Gloria Watson – helping older people in the inner city stay social
“The Malcolm X Elders started out in 1999 with just 11 members coming together for a chat and a cuppa,” says Gloria Watson, “By the time I joined there were 20. Since then the group has graduated to around 80 members – mostly African-Caribbean residents of Bristol who are over 55 – coming together to socialise, exercise, eat together, and learn new things.”
Gloria came to the UK as a young girl in the 1960s. She lived with her parents and went to school in Baptist Mills. Today Gloria is one of the key volunteers responsible for running the Malcolm X Elders group.
The group’s main aim is to reduce social isolation among older people. “It’s terrible being on your own. At one time, families were really close but now it’s not like it used to be. It’s rare to find a close family these days. Young people are so busy now – they have to work and take the children to school, and often live far away. They want to keep in touch but they don’t have the time.”
“It offers them the chance to learn new skills, like those who have joined our sewing group, the chance to keep active with a weekly exercise class, a space to talk about their experiences coming to the UK through drama workshops, and day trips three times a year. We even go on holiday together! It makes such a difference.”
The group welcomes regular visitors to give talks on different topics such as staying safe in the home, crime prevention, diabetes and prostate cancer, as well as offering information about what’s available in the community. They also hold regular committee meetings.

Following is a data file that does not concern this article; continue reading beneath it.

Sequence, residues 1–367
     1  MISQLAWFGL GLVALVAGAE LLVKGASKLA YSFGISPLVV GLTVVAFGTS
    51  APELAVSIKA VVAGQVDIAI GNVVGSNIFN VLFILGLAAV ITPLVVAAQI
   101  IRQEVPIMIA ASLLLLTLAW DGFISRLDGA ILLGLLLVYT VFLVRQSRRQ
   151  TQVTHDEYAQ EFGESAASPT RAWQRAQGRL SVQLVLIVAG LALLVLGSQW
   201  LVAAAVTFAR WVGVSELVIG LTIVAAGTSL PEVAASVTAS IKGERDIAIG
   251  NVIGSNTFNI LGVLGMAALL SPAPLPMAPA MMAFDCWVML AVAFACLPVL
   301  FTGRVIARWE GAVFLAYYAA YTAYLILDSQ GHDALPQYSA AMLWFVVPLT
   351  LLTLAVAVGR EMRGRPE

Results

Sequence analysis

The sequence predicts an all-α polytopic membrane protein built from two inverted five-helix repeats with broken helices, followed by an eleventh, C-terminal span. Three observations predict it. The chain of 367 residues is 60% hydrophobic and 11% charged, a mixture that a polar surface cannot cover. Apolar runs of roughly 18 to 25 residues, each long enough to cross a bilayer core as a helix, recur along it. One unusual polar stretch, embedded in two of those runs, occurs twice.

Since 2005, Malcolm X Elders has received 14 grants through Quartet Community Foundation, funding room hire and running costs, exercise classes, the sewing group (which now helps bring money into the group by selling products made by members), transport costs for members who need support to attend, and other activities.
“We are so grateful for Quartet’s help over the years. It has been especially helpful that you have supported our running costs, because this is a big problem for us. We try to generate funds through fundraising and selling the clothes we make, but it is rarely enough to cover the cost of our room rental. If you don’t have a venue, you can’t have a project. Finding this income is a big burden for our management committee of volunteers, so your support at different times has meant such a lot to us. And transportation costs too, because many of our members need help to get here – many are pensioners on very tight budgets and it can be hard for them.”
“That is why it is so important that we are here to prevent loneliness and isolation, helping our members to feel active and useful and to enjoy the company of friends.”